Give Us a Tune “Bonnie Susie Cleland”

There lived a lady in Scotland, hey my love and ho my joy

There lived a lady in Scotland, wha dearly loes me       (loves)

There lived a lady in Scotland,

she’s fa’n in love wi an Englishman                             (fallen)

An bonnie Susie Cleland’s tae be burnt in Dundee.

The faither tae the dochter tam,

hey my love and ho my joy                                (father, daughter)

The faither tae the dochter tam, wha dearly loes me

The faither tae the dochter tam, ‘Will ye forsake yer Englishman?

Or bonnie Susie Cleland’s tae be burnt in Dundee.’ Continue reading

Give Us a Tune: “Wally, Wally”

Traditional

Oh, waly, waly up the bank and waly, waly down the brae,
And waly, waly up burnside where I and my love used to go.
I was a lady of high renown that lived in the North country;
I was a lady of high renown when Jamie Douglas courted me.

And when we came to Glasgow town, it was a comely sight to see,
My lord was clad in the velvet green and I myself in cramasie.
And when my eldest son was born and set upon his nurse’s knee,
I was the happiest woman born and my good lord, he loved me.

There came a man into our house and Jamie Lockhart was his name
And it was told unto my lord that I did lie in bed with him.
There came another to our house and he was no good friend to me;
He put Jamie’s shoes beneath my bed and bade my good lord come and see.

Oh woe be unto thee, Blackwood, and an ill death may you die,
You were the first and the foremost man that parted my good lord and I.
And when my lord came to my room this great falsehood for to see,
He turned him round all with a scowl and not one word would he speak to me.

“Come up, come up, now Jamie Douglas, come up the stair and dine with me,
I’ll set you on a chair of gold and court you kindly on my knee.”
“When cockleshells turn silver bells and fishes fly from tree to tree,
When frost and snow turn fire to burn it’s I’ll come up and dine with thee.”

Oh woe be unto thee, Blackwood, and an ill death may you die,
You were the first and the foremost man that parted my good lord and I.
And when my father he had word my good lord had forsaken me,
He sent fifty of his brisk dragoons to fetch me home to my own country.

O had I wist when first I kissed that love should been so ill to win,
I’d locked my heart in a cage of gold and pinned it with a silver pin.
You think that I am like yourself and lie with each one that I see,
But I do swear by Heavens high, I never loved a man but thee.

‘Tis not the frost that freezes fell, nor blowing snow’s inclemency,
‘Tis not such cold that makes me cry, but my love’s heart grown cold to me.
O waly, waly, love is bonnie a little while when first it’s new,
But love grows old and waxes cold and fades away like morning dew.

The vibrant tradition of English folk song | The Spectator

After hundreds of densely packed pages on folk song in England — a subject for which I share Steve Roud’s passion — I am none the wiser as to why folk song collectors assumed that a man singing in a pub for free drinks in, say, 1890 or 1920 was de facto a folk singer? A singer of folk songs, yes. A folk singer, maybe not. Such men were ‘professional’ singers of popular songs. They sung what people wished to hear, for recompense: a pint.

If a collector was lucky — and they often weren’t — he might hear on a particular evening the weal and woe and muck and mire of ‘auld ballets’, but they would be buried amid what the 19th-century ballad editor Francis James Child called ‘a veritable dunghill’ of broadside ballads and music-hall pastiches [ . . . ] More at: The vibrant tradition of English folk song | The Spectator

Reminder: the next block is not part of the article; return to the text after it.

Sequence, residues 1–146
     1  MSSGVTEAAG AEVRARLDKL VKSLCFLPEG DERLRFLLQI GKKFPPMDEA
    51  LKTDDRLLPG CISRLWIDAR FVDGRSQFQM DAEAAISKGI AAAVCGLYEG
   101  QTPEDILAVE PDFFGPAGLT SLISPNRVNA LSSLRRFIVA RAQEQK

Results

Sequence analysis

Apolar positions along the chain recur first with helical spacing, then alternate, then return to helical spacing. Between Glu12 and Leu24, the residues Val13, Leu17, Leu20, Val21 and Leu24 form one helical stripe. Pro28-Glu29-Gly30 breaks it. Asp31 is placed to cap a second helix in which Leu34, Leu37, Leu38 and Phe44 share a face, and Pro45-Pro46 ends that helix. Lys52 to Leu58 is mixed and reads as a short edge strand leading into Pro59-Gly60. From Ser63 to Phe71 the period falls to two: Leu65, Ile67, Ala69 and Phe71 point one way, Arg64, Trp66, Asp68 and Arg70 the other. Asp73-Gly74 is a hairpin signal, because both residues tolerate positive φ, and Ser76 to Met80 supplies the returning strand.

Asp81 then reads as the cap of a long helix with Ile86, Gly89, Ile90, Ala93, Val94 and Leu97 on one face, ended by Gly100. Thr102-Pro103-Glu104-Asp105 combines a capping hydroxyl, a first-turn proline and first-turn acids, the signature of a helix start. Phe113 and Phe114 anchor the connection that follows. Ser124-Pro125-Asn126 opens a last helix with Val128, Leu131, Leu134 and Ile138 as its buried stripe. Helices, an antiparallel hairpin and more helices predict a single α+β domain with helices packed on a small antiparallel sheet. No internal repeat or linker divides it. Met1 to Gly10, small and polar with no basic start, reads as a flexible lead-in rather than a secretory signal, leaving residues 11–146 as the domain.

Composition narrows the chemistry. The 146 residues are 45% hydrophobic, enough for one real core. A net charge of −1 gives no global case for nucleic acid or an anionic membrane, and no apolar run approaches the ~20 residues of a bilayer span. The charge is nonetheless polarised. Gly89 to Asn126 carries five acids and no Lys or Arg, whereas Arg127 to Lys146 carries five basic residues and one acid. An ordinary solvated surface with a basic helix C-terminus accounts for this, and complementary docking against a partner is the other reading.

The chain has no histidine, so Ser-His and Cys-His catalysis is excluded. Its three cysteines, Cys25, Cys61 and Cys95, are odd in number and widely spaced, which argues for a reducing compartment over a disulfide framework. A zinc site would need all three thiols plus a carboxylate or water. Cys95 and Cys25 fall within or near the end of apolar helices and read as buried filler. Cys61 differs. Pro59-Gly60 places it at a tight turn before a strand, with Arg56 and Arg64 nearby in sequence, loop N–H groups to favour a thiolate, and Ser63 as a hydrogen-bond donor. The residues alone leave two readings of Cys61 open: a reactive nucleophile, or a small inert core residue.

Fairport Convention “Matty Groves”


History of Song
“Matty Groves” is a Border ballad probably originating in Northern England that describes an adulterous tryst between a man and a woman that is ended when the woman’s husband discovers and kills them. This song exists in many textual variants and has several variant names. The song dates to at least the 17th century, and under the title Little Musgrave and Lady Barnard is one of the Child Ballads collected by 19th-century American scholar Francis James Child.

Little Musgrave (or Matty Groves, Little Matthew Grew and other variations) goes to church on a holy day either “the holy word to hear” or “to see fair ladies there”. He sees Lord Barnard’s wife, the fairest lady there, and realises she is attracted to him. She invites him to spend the night with her, and he agrees when she tells him her husband is away from home. Her page goes to find Lord Barnard (Arnel, Daniel, Arnold, Donald, Darnell, Darlington) and tells him that Musgrave is in bed with his wife. Lord Barnard promises the page a large reward if he is telling the truth and to hang him if he is lying. Lord Barnard and his men ride to his home, where he surprises the lovers in bed. Lord Barnard tells Musgrave to dress because he doesn’t want to be accused of killing a naked man. Musgrave says he dare not because he has no weapon, and Lord Barnard gives him the better of two swords. In the subsequent duel Little Musgrave wounds Lord Barnard, who then kills him. Lord Barnard then asks his wife whether she still prefers Little Musgrave to him and when she says she would prefer a kiss from the dead man’s lips to her husband and all his kin, he kills her. He then says he regrets what he has done and orders the lovers to be buried in a single grave, with the lady at the top because “she came of the better kin”. In some versions Barnard is hanged, or kills himself, or finds his own infant son dead in his wife’s body. Many versions omit one or more parts of the story.

The name Musgrave originates in Westmoreland, a former county in the north of England now part of Cumbria.

Some versions of the ballad include elements of an alba, a poetic form in which lovers part after spending a night together.